Healthcare organizations are facing an overwhelming number of complex changes related to new initiatives, government regulations and the optimization of current processes. Many of these changes are regulatory generated, while others are competitively motivated, policy-driven and/or a result of customer derived requirements. Regardless of the reason, before a change is initiated the impact of the impending change to all those affected should be deemed a highly significant matter of importance in the change management planning process. So how do you manage change when there is resistance?
Hayes' Healthcare Blog
The adage that the only constant is change can be applied to healthcare today. Implementing, upgrading or optimizing an EHR, or implementing new technology is a frequent occurrence for healthcare organizations.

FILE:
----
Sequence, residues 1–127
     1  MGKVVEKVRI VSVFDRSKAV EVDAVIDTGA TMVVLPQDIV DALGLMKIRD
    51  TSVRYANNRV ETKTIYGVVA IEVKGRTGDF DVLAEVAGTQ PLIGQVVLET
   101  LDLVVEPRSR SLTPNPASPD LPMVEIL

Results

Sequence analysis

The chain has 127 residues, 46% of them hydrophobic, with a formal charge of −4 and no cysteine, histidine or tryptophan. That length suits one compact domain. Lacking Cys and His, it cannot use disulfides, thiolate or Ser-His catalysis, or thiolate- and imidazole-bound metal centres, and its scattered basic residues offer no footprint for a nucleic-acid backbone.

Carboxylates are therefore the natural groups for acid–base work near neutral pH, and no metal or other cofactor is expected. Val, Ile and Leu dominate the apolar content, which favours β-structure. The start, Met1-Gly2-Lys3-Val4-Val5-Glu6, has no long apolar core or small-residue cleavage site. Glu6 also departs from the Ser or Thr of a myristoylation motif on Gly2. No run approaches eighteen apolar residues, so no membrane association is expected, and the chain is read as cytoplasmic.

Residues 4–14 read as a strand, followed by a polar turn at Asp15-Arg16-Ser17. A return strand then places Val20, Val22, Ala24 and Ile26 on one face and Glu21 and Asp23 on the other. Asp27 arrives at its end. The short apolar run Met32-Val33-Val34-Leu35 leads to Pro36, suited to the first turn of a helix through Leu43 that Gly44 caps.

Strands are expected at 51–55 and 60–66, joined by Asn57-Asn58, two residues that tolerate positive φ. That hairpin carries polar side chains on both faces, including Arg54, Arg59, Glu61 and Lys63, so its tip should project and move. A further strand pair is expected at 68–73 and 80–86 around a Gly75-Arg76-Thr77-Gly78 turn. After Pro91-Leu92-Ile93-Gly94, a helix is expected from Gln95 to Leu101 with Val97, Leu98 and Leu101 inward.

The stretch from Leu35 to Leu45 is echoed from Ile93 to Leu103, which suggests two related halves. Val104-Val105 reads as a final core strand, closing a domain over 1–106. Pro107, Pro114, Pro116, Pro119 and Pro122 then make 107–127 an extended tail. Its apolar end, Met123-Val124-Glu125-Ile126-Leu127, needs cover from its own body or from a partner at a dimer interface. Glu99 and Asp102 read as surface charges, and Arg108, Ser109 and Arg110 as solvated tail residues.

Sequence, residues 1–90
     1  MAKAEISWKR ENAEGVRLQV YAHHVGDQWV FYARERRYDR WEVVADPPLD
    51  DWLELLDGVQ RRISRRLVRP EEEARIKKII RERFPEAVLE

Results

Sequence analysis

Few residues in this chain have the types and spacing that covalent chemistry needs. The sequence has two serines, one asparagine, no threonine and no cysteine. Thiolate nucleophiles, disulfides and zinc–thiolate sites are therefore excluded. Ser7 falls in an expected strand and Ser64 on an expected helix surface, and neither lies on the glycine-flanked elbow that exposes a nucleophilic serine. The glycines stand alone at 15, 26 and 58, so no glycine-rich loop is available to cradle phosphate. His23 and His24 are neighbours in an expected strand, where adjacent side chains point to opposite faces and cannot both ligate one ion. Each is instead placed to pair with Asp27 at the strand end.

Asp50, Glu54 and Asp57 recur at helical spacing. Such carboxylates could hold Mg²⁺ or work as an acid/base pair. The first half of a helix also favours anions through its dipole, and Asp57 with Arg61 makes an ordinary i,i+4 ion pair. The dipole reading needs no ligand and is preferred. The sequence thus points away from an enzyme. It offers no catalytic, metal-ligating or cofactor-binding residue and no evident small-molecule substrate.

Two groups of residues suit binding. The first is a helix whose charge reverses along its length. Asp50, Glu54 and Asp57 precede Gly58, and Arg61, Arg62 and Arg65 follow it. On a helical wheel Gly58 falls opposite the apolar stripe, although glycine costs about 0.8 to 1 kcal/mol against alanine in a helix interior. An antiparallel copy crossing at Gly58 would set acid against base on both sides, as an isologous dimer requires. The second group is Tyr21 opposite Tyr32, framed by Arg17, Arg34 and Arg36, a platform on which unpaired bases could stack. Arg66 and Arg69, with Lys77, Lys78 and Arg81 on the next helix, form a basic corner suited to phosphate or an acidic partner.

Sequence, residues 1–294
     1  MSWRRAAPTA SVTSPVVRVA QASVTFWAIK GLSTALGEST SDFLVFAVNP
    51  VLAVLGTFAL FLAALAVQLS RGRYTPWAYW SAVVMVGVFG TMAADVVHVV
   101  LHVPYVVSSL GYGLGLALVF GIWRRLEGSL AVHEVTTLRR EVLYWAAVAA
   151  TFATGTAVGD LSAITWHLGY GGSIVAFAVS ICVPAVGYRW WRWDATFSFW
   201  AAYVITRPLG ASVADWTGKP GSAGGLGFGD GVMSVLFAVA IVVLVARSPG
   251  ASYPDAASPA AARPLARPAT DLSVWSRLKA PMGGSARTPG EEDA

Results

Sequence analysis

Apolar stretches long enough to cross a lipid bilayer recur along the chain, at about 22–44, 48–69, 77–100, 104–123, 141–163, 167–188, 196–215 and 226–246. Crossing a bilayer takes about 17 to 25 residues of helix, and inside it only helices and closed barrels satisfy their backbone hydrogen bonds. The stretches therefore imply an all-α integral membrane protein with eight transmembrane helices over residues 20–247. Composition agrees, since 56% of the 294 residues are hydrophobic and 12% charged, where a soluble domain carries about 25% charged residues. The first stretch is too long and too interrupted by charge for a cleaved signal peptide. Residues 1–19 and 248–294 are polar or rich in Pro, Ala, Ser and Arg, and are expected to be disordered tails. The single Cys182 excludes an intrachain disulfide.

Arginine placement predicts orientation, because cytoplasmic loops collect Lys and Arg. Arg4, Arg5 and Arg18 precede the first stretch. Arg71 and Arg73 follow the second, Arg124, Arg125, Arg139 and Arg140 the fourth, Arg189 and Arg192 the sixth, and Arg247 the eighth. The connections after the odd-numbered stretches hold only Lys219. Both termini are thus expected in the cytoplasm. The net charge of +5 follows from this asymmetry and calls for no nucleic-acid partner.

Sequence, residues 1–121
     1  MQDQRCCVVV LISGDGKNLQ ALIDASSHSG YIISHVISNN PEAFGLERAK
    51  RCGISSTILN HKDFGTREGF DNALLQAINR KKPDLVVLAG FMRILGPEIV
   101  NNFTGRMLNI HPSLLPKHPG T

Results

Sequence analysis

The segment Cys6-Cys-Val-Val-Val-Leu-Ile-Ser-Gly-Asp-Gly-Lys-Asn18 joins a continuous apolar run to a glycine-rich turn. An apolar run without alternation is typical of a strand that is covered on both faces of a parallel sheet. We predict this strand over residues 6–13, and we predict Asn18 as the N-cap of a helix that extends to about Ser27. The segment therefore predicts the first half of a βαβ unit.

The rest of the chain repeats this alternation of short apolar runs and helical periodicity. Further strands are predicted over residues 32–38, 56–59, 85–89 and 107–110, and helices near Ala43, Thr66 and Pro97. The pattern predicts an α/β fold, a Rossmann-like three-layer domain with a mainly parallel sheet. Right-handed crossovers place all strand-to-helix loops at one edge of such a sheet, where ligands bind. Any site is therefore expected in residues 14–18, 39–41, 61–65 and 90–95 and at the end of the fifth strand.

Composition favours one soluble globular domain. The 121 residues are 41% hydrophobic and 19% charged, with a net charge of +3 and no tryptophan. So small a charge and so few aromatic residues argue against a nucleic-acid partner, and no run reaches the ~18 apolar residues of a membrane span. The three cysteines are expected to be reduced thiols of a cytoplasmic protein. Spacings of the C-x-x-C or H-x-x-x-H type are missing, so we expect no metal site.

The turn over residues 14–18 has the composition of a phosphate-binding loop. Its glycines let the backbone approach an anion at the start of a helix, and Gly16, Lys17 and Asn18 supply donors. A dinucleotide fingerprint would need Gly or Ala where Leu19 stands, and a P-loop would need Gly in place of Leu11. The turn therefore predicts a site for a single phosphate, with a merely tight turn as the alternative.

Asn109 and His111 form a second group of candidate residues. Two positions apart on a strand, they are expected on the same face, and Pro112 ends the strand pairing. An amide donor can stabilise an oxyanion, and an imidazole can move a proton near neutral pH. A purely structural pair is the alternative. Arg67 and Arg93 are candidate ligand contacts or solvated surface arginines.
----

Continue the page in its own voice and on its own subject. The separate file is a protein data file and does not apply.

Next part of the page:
Understanding how to estimate resources for the go-live can be a full time job without proper tools and skills. But planning appropriately doesn’t stop with the right tools and skills. Many organizations over-spend on resources or fail to provide adequate coverage in the right areas and settings. Developing a support model for a “Big Bang” implementation has proven to be more problematic and risk producing when compared to the phased approach and/or parallel approach. The complexity of the “Big Bang” go-live events, require even more strategic planning that involves experience obtained from several previous go-lives in different settings, understanding of the technology being implemented and the impact on the users across each area of the organization and more. So how do you plan for your next go live?